The author's underlying premise is that the legal profession has a high barrier to entry that, in turn, guarantees high salaries.
Each step is a filter. For example, only 66% of students finish high school. Fewer complete a university degree. Even fewer are admitted to law school, and even fewer complete it. 30% of law school graduates are going to fail the bar exam, and only about 10% of these students will land a job at a good law firm. Finally, only about 20% new associates in a good law firm are likely to make partner.
As a result, very competent people who could certainly serve as excellent lawyers are barred from giving legal advice to anyone (for example, Bill Gates, Richard Branson, Michael Dell, and Rush Limbaugh). Also, the legal bar has an adverse effect on minorities, limiting the number of minorities available to serve as potential judges and legal advocates. But, these restrictions to practice keep legal fees at a healthy $300 per hour.
It is important to recognize the point he makes in the second paragraph above: while proving to be an effective barrier to entry, these filters largely test a person's work ethic and commitment, not their intelligence. Sure, you have to be reasonably intelligent to get through law school and pass the bar, but there is a reason the legal profession attracts the super Type A personalities. As someone who is both a part-time law student and a software engineer, I've encountered many more people I would consider "brilliant" in the technical world than in the legal world.
I think the legal profession is the "now what?" choice for a lot of people. Many (not all, of course) end up there because they don't know what else to do and, unlike many other advanced degrees, doesn't require a specific background.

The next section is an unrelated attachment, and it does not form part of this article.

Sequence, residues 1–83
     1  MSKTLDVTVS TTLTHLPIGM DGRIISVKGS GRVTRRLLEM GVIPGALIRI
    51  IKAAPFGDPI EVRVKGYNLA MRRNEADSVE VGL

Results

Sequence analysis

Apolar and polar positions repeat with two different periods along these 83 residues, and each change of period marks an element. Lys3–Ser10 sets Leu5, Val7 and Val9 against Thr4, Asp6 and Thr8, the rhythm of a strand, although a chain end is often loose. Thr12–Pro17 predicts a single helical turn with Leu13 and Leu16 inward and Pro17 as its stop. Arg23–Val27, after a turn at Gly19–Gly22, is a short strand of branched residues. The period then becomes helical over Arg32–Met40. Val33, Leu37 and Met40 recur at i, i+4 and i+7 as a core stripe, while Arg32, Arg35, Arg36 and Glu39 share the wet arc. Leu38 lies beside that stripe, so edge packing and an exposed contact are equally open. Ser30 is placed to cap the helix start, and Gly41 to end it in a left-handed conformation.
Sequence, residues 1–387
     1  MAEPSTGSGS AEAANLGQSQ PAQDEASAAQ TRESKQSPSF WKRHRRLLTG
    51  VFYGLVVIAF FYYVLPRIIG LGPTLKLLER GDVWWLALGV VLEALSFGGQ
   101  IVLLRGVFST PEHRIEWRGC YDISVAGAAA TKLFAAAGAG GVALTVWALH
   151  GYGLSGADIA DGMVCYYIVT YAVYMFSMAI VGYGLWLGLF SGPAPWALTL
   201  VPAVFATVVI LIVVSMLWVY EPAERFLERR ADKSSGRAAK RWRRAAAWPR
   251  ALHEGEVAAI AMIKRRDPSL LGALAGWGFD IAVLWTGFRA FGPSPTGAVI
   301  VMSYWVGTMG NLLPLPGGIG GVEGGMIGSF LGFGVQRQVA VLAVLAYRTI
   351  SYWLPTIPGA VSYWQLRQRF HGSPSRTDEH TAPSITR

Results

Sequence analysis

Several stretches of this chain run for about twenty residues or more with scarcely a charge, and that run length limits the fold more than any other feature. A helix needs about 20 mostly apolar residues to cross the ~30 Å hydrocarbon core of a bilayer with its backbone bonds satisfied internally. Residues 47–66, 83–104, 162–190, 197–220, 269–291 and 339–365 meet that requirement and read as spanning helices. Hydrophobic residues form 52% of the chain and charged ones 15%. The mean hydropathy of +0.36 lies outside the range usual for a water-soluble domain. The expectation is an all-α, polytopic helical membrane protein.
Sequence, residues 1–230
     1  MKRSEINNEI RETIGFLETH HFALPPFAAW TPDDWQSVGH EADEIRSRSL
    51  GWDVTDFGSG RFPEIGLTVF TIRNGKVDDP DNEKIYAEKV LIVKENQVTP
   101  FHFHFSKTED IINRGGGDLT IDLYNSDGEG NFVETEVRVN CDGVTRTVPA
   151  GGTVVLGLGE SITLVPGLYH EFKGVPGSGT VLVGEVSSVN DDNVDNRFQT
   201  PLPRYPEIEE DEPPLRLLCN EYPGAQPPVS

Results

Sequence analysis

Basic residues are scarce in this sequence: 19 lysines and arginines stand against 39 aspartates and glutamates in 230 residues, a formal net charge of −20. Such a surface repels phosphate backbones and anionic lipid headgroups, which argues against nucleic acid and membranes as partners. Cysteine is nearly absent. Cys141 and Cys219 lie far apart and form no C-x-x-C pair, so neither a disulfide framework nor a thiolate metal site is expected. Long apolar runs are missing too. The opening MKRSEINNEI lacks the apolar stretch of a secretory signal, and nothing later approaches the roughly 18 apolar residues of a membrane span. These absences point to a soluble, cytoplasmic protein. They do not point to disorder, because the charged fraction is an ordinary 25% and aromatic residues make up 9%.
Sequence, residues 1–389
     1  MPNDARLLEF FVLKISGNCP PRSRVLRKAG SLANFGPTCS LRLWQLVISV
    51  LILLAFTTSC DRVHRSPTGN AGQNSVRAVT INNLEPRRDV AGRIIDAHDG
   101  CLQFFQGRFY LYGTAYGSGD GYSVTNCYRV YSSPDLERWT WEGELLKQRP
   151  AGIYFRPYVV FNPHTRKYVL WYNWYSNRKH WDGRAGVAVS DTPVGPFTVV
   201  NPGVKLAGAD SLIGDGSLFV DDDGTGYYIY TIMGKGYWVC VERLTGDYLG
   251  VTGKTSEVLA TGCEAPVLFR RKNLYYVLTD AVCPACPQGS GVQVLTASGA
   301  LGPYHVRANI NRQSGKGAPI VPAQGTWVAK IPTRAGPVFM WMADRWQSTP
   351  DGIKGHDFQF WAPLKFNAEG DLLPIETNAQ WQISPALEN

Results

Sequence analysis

If you want to go to medical school, there's a rigid program that you take the minute you enter college. And if you happen to party to o much during your freshman year and bomb Bio, well, you might as well change majors immediately. Similarly, pursuing a Ph.D. in mathematics or computer science or economics would be very difficult without the relevant background.
Law school doesn't have such prerequisites. In that sense, the barrier to entry is lower. Anyone, regardless of your background, can go to and be successful in law school. There are no subject tests on the LSAT.
Of course, the point he's making is that there are no barriers to entry for a software developer. He may be right in terms of formal barriers, but I have to disagree that "anyone" can be a software developer. Like many of you, I started programming at a young age. I probably learned as much through experimentation and developing on my own than I did in my formal education. Creativity, technical knowledge, and problem-solving are all critical to being a software engineer.
By contrast, the nature of the law is following precedent. Generally, I would say there is little "innovation" (by design) and, in many aspects, originality and creativity is frowned upon.
I was actually discussing this with my girlfriend the other day. Lawyers really have a great racket going. Their higher salaries are a direct result of an artificially limited supply and speak nothing about quality. Then again, developers will generally make a very nice living without working 100 hour weeks or shelling out $100k for a degree.
Maybe the software engineers aren't stupid after all.